Successful social problem solving requires both an adaptive orientation toward the problem and the necessary skills to generate relevant and effective solutions. Surprisingly few studies have examined social problem solving in the context of social anxiety. We examined social problem solving in 38 participants with social anxiety disorder (SAD) in comparison to 30 healthy control (HC) participants with no history of anxiety problems. Participants rated their problem solving attitudes and abilities (i.e., problem orientation) and then generated solutions to hypothetical interpersonal problems from both their own perspective and that of an objective other. These solutions were coded for effectiveness and relevance, as well as the degree to which the solution was active versus passive. Participants with SAD exhibited a more negative problem orientation than HC participants. Furthermore, although SAD and HC participants demonstrated no overall differences in generating relevant and effective solutions to interpersonal problems, utilizing a personal perspective facilitated the generation of more active solutions for HC participants, but less active solutions for those with SAD. Findings illuminate new research directions regarding social problem solving in social anxiety, with potential implications for applied intervention.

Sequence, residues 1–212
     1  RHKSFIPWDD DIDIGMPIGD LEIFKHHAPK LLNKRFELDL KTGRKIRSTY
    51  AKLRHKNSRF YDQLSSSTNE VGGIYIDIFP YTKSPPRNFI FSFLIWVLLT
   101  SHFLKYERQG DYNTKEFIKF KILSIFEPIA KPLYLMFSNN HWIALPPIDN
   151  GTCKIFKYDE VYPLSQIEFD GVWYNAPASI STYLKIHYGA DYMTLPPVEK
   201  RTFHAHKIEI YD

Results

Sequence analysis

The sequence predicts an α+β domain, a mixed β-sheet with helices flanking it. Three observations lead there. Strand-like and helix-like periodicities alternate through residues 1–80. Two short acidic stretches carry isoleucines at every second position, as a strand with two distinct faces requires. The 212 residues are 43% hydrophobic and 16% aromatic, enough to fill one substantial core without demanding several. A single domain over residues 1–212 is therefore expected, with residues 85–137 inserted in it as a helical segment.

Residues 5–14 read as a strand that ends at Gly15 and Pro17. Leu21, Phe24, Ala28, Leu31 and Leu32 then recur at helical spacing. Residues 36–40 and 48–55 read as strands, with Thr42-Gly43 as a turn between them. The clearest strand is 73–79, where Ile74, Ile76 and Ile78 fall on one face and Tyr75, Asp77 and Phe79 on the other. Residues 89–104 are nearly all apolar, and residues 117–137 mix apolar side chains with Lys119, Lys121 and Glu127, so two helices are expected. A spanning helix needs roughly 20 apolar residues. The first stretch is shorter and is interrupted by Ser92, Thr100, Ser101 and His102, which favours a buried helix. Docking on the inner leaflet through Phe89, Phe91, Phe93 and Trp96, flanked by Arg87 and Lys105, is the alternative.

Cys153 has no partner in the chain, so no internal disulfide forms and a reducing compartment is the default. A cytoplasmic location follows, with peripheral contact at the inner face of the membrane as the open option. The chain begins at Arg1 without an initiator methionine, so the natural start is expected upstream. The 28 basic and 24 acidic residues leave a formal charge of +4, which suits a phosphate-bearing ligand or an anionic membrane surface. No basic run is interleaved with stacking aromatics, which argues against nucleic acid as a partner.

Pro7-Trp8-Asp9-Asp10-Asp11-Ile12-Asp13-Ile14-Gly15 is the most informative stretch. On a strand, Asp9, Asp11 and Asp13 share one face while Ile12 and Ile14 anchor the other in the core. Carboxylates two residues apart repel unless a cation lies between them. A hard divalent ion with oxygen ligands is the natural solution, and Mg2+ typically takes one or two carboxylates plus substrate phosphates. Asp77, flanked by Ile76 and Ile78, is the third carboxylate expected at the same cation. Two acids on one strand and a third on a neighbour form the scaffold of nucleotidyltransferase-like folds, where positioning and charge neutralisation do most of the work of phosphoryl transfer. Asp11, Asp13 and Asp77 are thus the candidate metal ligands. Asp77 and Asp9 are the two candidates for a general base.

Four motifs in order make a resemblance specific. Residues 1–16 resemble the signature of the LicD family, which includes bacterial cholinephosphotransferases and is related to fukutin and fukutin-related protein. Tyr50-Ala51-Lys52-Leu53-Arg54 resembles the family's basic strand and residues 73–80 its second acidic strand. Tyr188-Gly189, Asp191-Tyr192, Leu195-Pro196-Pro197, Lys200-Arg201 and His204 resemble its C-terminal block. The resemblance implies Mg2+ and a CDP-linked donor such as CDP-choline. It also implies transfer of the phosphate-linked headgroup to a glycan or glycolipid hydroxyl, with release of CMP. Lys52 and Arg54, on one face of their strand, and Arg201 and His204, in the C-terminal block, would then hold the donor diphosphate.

Bibliographical noteFunding Information:
This work was supported by research operating grants from the Canadian Institutes of Health Research (CIHR PJT-364337 to author DM and MOP-49566 to collaborator MM) as well as the Social Sciences and Humanities Research Council of Canada (SSHRC Insight Grant 435-2018-0959 to author DM).
© 2019 Elsevier Ltd
- Problem orientation
- Self perspective
- Social anxiety
- Social problem solving
- Social skills